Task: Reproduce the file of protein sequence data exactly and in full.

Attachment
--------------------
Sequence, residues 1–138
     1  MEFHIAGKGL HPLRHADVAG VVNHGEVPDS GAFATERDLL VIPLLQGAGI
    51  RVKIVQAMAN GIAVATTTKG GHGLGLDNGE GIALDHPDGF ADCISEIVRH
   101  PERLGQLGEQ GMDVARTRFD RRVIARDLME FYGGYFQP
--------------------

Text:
Sequence, residues 1–138
     1  MEFHIAGKGL HPLRHADVAG VVNHGEVPDS GAFATERDLL VIPLLQGAGI
    51  RVKIVQAMAN GIAVATTTKG GHGLGLDNGE GIALDHPDGF ADCISEIVRH
   101  PERLGQLGEQ GMDVARTRFD RRVIARDLME FYGGYFQP